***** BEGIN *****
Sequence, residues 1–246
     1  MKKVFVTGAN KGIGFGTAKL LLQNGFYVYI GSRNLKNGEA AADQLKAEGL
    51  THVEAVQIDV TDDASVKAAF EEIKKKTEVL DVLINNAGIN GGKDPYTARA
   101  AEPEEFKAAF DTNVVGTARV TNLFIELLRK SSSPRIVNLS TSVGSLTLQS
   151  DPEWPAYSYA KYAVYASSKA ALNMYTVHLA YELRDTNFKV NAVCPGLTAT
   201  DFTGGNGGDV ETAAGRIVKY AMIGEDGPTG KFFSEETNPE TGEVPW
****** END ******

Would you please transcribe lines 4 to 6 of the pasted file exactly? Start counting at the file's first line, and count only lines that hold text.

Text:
   101  AEPEEFKAAF DTNVVGTARV TNLFIELLRK SSSPRIVNLS TSVGSLTLQS
   151  DPEWPAYSYA KYAVYASSKA ALNMYTVHLA YELRDTNFKV NAVCPGLTAT
   201  DFTGGNGGDV ETAAGRIVKY AMIGEDGPTG KFFSEETNPE TGEVPW